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6 Common Myths of Minimalism You Should Know

Having switched home over 10 times in the last decade, sometimes across the country, sometimes continents, I never kept too much stuff. Also, growing up in a big family I was taught the value of what was necessary and what brought me joy at a very young age. There wasn’t room for much else, to be honest.
Things for me are just it: things. I try not to get attached to them so I have a clean and functional home. I must confess that with 2 sons, being a minimalist is really a blessing!
I never called myself a minimalist or any other term. It’s just who I am. Only after minimalism became a trend I realized there are so many misconceptions and half-truths about what is it all about. The word minimalism has been thrown around a lot in the past decade. I believe that minimalism is not an inventory of my possessions but instead, it’s a philosophy for learning to live with less, so I decided to share a list and my opinion on some of the main misconceptions out there:

1. You have to Throw it All Away

No, you don’t have to get rid of all your material possessions to be minimalist. Far from it. In fact, minimalism aims to realize the things you have the most in your life that are consuming your time and well-being. Once you have done this analysis, which can take up to several months, you can then throw away, sell or donate what you realize is of no value to your life. Minimalism is not about focusing on stuff or focusing on not-having stuff, it’s about focusing on what makes you happy.

2. It’s Anti Technology and Anti Progress

Digital MinimalismAlthough there are those who choose to live without a car, without mobile phones or technology in general, again, this does not mean that it is the norm. Quite the contrary, it is the exception. Technology allows us to be more efficient, to work smarter and to be interconnected. I love tech and the internet and I believe giving up on all our progress is a step back.
Digital minimalism isn’t about throwing out all your technology, deleting your Facebook account or half the apps on your phone (unless they are leading you to exhaustion, then go ahead!). Digital minimalism is about reclaiming your control and power over what you do let into your life. It’s about optimizing the tools you use. It’s about using technology and don’t let technology use. Ultimately, it’s about becoming more intentional, more empowered and more productive, rediscovering the non-technology-powered activities and behaviors you enjoy doing.

3. You Can’t Buy New Things

Minimalists, or people who choose to live on less, are not against consumption. Minimalists only promote another type of consumption: the conscious. What makes the real difference in the consumption is that minimalists are replacing (not adding) things they already own. And yes, sometimes we also buy things just because they make us happy.  Because “making me happy” is an intention. The key, as in everything, is balance and purpose.

4. You Can’t Have More Than 100 Items

There are, in fact, some international minimalist gurus who live on less than 100 things. That does not mean that this is a requirement to become minimalist. Minimalism is not a number. One of the advantages of the movement is that there are no rules. Everybody is different and the process of analyzing what we have, or not, in our lives is too personal and deep to put into a number.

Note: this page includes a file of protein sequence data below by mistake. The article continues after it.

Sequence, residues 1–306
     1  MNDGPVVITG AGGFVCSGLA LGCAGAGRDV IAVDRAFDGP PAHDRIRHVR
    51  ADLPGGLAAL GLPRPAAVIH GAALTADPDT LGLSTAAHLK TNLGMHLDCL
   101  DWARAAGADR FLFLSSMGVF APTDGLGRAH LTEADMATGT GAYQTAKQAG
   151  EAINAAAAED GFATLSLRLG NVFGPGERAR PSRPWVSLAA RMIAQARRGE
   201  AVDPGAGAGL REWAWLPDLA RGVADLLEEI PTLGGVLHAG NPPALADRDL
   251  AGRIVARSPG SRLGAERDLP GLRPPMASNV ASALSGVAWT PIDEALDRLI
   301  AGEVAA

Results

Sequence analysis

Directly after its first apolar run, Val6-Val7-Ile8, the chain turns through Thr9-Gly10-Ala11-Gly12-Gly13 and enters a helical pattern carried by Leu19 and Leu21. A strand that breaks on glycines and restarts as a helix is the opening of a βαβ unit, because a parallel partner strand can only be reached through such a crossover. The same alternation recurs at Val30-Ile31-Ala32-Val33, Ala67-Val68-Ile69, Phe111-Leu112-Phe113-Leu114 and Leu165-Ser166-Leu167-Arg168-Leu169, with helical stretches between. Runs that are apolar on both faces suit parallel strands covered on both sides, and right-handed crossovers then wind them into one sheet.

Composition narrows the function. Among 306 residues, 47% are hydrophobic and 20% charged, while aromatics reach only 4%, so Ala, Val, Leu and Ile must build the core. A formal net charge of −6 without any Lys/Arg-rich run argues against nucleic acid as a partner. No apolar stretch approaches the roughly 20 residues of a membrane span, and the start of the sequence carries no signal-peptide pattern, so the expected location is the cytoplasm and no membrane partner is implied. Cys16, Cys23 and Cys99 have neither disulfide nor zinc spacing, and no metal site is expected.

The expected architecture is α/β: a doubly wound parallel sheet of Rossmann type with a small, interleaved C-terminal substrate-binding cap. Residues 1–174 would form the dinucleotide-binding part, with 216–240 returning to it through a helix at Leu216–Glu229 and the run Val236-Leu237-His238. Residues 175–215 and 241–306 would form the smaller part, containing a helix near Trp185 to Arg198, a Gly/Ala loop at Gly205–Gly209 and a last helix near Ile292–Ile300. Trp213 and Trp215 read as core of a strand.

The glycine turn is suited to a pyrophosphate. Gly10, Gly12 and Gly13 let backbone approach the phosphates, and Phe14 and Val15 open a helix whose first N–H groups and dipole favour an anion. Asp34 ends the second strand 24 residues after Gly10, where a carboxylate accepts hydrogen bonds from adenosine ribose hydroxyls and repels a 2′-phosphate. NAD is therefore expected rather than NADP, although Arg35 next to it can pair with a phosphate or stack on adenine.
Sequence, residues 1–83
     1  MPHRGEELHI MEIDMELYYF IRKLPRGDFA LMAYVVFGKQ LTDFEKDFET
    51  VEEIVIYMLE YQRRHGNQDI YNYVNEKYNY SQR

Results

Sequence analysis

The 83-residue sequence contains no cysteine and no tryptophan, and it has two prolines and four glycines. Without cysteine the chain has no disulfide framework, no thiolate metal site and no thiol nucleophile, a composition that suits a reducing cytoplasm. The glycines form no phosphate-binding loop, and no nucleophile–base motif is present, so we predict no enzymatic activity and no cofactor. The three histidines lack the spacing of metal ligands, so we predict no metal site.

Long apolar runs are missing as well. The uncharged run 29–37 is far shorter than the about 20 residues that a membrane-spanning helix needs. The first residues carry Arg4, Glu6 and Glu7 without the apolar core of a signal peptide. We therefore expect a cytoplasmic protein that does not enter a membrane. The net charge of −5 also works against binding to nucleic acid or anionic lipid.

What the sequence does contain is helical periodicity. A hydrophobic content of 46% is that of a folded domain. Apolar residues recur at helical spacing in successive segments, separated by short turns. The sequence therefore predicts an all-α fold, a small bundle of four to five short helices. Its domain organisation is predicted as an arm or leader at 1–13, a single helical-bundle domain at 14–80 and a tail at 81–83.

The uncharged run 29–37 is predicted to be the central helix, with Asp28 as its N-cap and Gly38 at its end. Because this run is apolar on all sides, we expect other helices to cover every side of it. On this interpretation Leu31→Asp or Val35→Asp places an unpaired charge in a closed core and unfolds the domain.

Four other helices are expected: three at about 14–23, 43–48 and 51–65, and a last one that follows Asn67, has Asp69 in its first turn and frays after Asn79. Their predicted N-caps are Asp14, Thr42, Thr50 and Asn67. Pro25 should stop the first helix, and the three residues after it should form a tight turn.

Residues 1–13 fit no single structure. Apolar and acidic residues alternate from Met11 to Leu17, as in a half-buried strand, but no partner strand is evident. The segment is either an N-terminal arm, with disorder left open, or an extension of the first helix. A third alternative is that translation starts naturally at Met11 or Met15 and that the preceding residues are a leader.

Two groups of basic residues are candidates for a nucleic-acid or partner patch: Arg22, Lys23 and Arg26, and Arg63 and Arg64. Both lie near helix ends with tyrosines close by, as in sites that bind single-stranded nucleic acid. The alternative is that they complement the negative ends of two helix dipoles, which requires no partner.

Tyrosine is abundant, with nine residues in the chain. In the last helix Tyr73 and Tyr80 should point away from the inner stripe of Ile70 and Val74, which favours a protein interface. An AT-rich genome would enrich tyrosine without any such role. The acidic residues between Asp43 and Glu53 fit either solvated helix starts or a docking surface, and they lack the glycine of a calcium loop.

5. Minimalists are Detached Robots

Minimalism Are Detached People?

Being detached from material possessions doesn’t mean that minimalists are insensitive or unemotional. It might look cold to others if you throw away that drawing your son did the other day in school, but the truth is that we can not keep everything.

Treasuring a memory doesn’t mean we need to keep the material things that give us that memory. Those emotions live within us, and that’s something that the possession – or loss – of a material thing can’t take from us. Most minimalists I know are sentimental but we just keep memories alive through photos and journal entries rather than souvenirs. I make my own photo albums (old style!) so I have physical memories that I can share one day with my boys (and I will not lose them in case my smartphone or memory disk stops working).

6. It’s Only for “Fancy People”

The idea that minimalism is only practiced by people on the fringes of society could not be more wrong. In fact, more and more people are joining the movement and recognizing its numerous advantages. Minimalists come in all genders, races, nationalities, social classes, and religions. 

Much has been said that minimalism is only for the rich and wealthy because they can afford to buy whatever they need whenever necessary, but, even though the wealthy have that advantage, that doesn’t mean that you can not be a minimalist if your income is below average. First of all, because minimalism is not about buying or not buying. Secondly, because minimalism is not about a number or about a style. It’s about keeping with you whatever makes you happy which includes, of course, what is useful and necessary to your life and well being.

Also, you do not have to follow any specific decorating style. Keep your own style, whatever that is.

In conclusion, minimalism is not an extreme way of living. Its foundations are simple philosophies designed to free us from the burdens of excess. Also, do not focus on stuff and do not focus on decluttering either (that’s another way to be focused on stuff). Rather, focus on whatever brings you joy and health and spend your time doing that. Let the minimalist philosophies provoke thought and inspire you to set yourself free.

Now that you learned a bit more about the real meaning of minimalism, I want to invite you to follow me on any platform you are more active on: Pinterest, Facebook, Instagram.

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